First off, I am not a lawyer, but while I think it is clear that existing machine gun legislation in safe under Heller in the short term, I do not think that a challenge has been ruled out completely.
In light of statement like this, machine gun bans might seem to be upheld by the court:
Miller’s holding that the sorts of weapons protected are those “in common use at the time” finds support in the historical tradition of prohibiting the carrying of dangerous and unusual weapons.
It may be objected that if weapons that are most useful in military service—M-16 rifles and the like—may be banned, then the Second Amendment right is completely detached from the prefatory clause. But as we have said, the conception of the militia at the time of the Second Amendment’s ratification was the body of all citizens capable of military service, who would bring the sorts of lawful weapons that they possessed at home to militia duty. (p55)
However, I read that as not upholding outright machine gun bans, but saying that some regulation is possible and machine guns may fall into the category of weapons that can be restricted. Sebastian hits on the “in common use” test. In short, machine guns are not “in common use,” but that is because of the Hughes Amendment, the ’68 Gun Control Act, and the NFA. The problem we would face would be to prove that machine guns would be in common use without those regulations.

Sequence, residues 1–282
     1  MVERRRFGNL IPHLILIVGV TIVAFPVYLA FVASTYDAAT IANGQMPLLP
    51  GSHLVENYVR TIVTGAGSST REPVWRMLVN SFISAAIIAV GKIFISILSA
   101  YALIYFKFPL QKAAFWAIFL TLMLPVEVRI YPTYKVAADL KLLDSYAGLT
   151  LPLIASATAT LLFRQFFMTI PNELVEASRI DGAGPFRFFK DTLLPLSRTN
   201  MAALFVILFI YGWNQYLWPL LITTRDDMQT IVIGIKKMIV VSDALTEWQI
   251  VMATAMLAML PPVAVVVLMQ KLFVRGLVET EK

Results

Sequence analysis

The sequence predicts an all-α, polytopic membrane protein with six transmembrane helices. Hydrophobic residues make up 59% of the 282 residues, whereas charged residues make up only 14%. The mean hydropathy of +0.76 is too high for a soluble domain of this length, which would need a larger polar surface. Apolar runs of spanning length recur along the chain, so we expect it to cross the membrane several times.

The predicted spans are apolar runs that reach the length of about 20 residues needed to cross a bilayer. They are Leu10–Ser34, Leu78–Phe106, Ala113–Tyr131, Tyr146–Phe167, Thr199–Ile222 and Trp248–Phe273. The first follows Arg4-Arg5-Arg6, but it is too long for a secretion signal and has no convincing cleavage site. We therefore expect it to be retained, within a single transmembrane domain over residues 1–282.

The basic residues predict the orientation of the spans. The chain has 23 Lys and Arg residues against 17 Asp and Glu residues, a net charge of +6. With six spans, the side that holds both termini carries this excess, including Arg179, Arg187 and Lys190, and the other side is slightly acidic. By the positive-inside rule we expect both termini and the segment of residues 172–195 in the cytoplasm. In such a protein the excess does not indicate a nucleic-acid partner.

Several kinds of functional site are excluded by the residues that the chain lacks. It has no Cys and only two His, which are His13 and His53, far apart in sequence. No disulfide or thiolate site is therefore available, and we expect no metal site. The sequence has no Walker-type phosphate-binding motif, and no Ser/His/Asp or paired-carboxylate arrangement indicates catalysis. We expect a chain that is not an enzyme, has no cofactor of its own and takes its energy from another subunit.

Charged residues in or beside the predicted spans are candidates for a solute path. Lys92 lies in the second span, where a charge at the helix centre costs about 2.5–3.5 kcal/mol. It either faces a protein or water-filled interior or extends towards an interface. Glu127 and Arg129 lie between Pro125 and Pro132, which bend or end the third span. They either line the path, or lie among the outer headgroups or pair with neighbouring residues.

Furthermore, without guidance from the court, we cannot know what would be considered “dangerous and unusual.” Any weapon is dangerous by definition. A $100,000 Holland & Holland double rifle in .600 nitro mag would be both “dangerous” and “unusual,” not to mention not “in common use” under the strict use of those words. However, it is not significantly more dangerous than a 30-06 model 700, and is not unusual in terms of function, considering it uses an explosive charge to fire a lead bullet. A land mine, on the other hand, would almost certainly be considered “dangerous and unusual,” both in terms of the greater danger it could pose and the fact that there is no type of land mine in common use, whereas a machine gun is a slight variation on a common form of arms. The question is where on the scale the court would place machine guns.
Also consider statements like this:
the Second Amendment extends, prima facie, to all instruments that constitute bearable arms, even those that were not in existence at the time of the founding. (p8)
Machineguns, at least the shoulder fired kind or machine pistols, are “instruments that constitute bearable arms,” and thus the amendment would apply to them.
Although the court did not apply a standard of review, Scalia appears to eliminate “rational-basis” (p56 n 27,) leaving intermediate and strict scrutiny, or some composite level of scrutiny not yet seen in Constitutional law. The laws may stand under intermediate scrutiny, where “a regulation involves important governmental interests that are furthered by substantially related means;” however, the Hughes Amendment, and probably the ’68 GCA restrictions would almost certainly not meet strict scrutiny, with the NFA a little more questionable.
In short, I don’t think the door was closed on a Constitutional challenge on machineguns, but from the ruling, I think it is clear that we would really need to bring our A game, which you need to do anytime you come before the Supreme Court.
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